Discussions around passenger intervention often raise concerns about "vigilantism," a term derived from the Committee of Vigilance, formed in San Francisco in the 1850s, when official law enforcement was inadequate. The necessity for airplane passenger involvement in the heroic actions of individuals during United Airlines Flight 93 on September 11, 2001, illustrates the potential impact of collective intervention in thwarting threats. There have been many other incidents in which the actions of passengers, individually or working together, averted danger during commercial flights.
For example, "shoe-bomber" Richard Reid unsuccessfully attempted to detonate explosives hidden in his shoes and was subdued by a flight attendant and a passenger on a London to Washington, D.C. flight; a Nigerian terrorist tried to ignite an incendiary device as his flight was preparing to land in Detroit; and a flight attendant and two passengers intervened as a Yemeni national, shouting "Allāhu Akbar" ("God is Great"), attempted to break into the cockpit of a Chicago to San Francisco flight.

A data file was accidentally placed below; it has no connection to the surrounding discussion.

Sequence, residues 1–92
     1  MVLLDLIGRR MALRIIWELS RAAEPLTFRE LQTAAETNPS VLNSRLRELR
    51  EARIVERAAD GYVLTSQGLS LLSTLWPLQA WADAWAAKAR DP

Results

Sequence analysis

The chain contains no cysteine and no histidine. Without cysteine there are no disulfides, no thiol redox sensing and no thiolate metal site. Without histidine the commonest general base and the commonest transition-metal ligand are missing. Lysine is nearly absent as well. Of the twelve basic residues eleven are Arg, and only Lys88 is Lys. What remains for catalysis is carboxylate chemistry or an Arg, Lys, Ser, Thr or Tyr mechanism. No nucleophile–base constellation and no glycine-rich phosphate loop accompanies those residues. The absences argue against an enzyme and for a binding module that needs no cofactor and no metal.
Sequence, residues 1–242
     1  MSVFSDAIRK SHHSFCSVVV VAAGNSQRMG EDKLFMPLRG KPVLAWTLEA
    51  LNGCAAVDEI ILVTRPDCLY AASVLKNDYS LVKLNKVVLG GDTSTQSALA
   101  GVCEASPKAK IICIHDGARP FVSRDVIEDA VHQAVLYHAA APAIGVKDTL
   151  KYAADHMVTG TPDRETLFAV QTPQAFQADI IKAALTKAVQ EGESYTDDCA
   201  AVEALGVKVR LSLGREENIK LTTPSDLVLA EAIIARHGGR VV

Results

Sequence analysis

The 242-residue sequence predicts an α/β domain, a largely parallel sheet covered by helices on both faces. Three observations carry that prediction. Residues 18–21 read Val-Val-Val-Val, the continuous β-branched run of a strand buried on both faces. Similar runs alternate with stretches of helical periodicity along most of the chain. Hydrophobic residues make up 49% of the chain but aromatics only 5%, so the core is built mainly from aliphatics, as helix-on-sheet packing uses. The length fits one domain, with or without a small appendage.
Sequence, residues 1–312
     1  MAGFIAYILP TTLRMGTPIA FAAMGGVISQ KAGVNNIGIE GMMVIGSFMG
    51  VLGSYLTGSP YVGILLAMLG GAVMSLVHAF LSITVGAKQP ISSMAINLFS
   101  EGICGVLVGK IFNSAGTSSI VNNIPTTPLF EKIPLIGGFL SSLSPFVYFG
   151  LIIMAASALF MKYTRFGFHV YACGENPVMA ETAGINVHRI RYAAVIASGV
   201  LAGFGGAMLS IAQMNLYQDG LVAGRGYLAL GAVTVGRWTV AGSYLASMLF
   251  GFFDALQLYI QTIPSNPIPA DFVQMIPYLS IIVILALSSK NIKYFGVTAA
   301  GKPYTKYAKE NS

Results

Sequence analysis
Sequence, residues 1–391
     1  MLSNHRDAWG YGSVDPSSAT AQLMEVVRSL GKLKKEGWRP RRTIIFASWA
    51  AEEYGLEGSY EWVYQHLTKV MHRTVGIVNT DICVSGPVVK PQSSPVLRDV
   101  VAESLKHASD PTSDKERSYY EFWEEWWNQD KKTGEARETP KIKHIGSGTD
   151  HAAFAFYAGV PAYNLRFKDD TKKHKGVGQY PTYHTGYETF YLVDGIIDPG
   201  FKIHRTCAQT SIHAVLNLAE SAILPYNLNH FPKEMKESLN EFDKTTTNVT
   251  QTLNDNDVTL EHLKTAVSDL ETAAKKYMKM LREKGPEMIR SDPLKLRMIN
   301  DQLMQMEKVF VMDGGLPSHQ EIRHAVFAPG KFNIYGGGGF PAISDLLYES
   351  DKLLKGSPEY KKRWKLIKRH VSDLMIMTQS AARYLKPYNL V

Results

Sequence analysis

However, determining the threshold for passenger involvement remains a gray area. Tommy Hamilton, SWAT team commander for the police force at Dallas-Fort Worth Airport, who has worked closely with air marshals, cautions against a rush to vigilantism and urges reliance on the professionals in the first instance. "Federal air marshals have credentials and will identify themselves as soon as practical," he said. "It will be easy to see who they are. They will not identify themselves until after someone has identified themselves as a terrorist-hijacker."
But if no air marshals are aboard (and currently, they are assigned to most international flights but only a small percentage of domestic flights), flight attendants and passengers are the first line of defense. Passengers should obey the directions of the flight crew, but they should be mentally and physically prepared to act. Like a basketball player getting ready for a jump ball or a tennis player awaiting a serve, every able-bodied passenger needs to be ready to move and act decisively, not tentatively.